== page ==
That has some employee privacy advocates worried. While wearable technology allows consumers to choose whether to share their location, heart rate or other data, many people might not fully understand the types and volume of information being gathered about them or the implications of sharing it, Morgan says.
Employers generally sidestep potential legal issues by making the use of workplace wearables optional. And some state laws require employers to inform workers if they are being monitored—something that should be a best practice anyway, says Kate Bischoff, SHRM-SCP, a management-side employment attorney with Zelle LLP in Minneapolis.
Health-tracking wearables are often associated with employee wellness programs, which many companies are adopting at least in part in an effort to reduce soaring health care costs. Bischoff notes that the U.S. Equal Employment Opportunity Commission requires that employee participation in company wellness programs linked to group health plans be voluntary. (The Americans with Disabilities Act limits employers’ right to inquire about employees’ health but does allow optional, health-plan-linked wellness programs.)
Making wearables optional for workers, however, doesn’t necessarily address security vulnerabilities. One potential weakness: Rather than staying only on devices, data may make its way to the cloud and the app provider. That possibility has prompted China, citing national security concerns, to ban its military personnel from using wearable technology.
The extent of a company’s responsibility to protect sensitive employee data is “not being discussed in great detail,” Harris says. But the consequences could be significant. What happens, for instance, if a company is capturing health data on senior executives and a hacker discovers that an executive has a serious health condition and chooses to publicize that information?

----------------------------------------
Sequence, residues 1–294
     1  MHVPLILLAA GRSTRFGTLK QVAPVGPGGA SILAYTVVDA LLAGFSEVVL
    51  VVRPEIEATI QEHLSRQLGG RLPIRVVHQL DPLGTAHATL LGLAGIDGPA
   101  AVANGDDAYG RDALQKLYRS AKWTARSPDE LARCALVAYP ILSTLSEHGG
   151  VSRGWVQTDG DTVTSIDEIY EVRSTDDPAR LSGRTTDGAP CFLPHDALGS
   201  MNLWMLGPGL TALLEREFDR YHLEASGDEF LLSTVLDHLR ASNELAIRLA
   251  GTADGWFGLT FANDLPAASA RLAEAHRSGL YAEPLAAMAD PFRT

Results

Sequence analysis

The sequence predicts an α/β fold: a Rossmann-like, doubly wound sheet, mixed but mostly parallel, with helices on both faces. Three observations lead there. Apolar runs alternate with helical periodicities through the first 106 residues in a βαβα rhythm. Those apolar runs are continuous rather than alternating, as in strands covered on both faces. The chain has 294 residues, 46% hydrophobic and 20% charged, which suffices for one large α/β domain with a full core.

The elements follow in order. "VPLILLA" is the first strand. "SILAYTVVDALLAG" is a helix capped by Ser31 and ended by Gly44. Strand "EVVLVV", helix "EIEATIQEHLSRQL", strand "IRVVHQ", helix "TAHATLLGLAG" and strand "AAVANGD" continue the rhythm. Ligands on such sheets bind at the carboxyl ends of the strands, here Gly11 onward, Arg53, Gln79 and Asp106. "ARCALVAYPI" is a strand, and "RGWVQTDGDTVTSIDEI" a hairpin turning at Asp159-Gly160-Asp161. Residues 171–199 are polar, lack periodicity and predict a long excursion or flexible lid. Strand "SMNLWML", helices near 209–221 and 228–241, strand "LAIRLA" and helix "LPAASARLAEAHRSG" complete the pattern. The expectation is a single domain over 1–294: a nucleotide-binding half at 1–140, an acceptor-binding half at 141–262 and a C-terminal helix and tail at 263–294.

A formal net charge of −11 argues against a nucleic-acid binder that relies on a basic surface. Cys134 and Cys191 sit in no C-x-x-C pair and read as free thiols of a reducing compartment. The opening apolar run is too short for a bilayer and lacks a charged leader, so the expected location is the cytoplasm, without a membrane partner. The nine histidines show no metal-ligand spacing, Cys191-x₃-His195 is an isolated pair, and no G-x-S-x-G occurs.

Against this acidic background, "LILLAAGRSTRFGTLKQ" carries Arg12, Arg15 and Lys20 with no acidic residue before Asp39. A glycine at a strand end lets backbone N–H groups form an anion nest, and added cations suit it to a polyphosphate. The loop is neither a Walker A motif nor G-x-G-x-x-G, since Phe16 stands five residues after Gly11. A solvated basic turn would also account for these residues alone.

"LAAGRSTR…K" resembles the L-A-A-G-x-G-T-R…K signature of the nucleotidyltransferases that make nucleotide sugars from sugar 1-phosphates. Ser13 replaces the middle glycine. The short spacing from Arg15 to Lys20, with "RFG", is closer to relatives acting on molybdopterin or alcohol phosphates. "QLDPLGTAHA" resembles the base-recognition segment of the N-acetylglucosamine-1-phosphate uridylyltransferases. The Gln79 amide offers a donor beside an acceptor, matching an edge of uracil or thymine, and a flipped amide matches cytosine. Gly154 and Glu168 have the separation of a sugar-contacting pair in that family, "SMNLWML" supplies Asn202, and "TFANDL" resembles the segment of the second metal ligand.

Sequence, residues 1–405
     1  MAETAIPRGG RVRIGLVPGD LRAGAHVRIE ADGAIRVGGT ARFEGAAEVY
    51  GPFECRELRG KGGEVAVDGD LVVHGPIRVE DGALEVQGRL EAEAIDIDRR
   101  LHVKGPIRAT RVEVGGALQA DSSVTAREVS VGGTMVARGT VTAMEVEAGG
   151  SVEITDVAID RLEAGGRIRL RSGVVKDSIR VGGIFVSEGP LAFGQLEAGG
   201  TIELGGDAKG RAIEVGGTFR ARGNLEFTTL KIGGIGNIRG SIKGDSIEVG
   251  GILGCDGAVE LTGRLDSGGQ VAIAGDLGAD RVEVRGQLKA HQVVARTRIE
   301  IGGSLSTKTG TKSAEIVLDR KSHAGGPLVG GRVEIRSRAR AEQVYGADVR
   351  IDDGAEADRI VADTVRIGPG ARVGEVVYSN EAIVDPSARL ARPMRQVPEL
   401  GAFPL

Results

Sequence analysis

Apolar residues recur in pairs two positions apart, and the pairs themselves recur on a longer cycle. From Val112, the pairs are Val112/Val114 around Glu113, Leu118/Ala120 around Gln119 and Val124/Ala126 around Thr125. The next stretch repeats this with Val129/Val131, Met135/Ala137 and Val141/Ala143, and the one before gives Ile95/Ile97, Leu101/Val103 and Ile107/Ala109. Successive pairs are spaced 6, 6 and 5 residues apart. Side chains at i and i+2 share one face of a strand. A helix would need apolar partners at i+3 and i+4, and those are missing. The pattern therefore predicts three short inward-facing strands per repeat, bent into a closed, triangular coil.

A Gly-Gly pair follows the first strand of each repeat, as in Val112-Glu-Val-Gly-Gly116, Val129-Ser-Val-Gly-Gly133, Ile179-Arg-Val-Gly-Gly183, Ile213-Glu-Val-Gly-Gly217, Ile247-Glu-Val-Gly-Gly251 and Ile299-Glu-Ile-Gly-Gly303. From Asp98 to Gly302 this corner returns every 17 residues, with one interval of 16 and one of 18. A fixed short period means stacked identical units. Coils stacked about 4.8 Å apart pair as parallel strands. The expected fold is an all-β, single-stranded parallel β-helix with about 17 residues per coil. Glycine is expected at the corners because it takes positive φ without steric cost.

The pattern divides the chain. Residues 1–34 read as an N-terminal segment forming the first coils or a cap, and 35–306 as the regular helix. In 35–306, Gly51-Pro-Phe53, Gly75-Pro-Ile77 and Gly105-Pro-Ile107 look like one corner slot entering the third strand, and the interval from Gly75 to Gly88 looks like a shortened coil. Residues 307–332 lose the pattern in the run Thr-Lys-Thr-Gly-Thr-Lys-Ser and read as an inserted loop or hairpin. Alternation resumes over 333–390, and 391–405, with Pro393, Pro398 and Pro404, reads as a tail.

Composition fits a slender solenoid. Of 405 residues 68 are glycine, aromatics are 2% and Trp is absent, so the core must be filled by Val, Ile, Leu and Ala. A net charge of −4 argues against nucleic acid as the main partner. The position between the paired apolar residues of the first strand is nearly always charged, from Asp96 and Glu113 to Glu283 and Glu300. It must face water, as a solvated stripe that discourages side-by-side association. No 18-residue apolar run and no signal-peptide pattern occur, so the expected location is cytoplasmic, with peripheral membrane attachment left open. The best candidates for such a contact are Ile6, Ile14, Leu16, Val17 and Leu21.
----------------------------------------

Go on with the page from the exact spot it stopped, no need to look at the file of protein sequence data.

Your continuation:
Pressure to Participate
“HR technology has such a fantastic opportunity to make workers’ lives better,” Harris says. For example, wearable technology may give workers “more ownership over their own decisions and give them more information to make their own choices about their health, working pace and break schedules.”
But the flip side is that employee monitoring can contribute to the creation of a Big Brother-type organizational culture. Even when participation is optional, workers may feel pressured to participate, especially if there is an implication that doing so is tied to their performance in any way.
With GPS-equipped apps and devices, employers can now monitor employees’ whereabouts any time they’re wearing a smartwatch or carrying their smartphone. “Companies are very aware from a cultural perspective that there’s a creepy line,” Harris says. For now, though, “they’re kind of dancing around” it, she added.
To stay on the right side of the line, keep your company’s technology policies updated and review them when new enterprise tools are implemented. In addition, make sure you’re very clear with employees that optional participation is just that: No one should feel obligated to tell everyone they work with what’s been keeping them up at night.
Dinah Wisenberg Brin is a freelance writer in Philadelphia.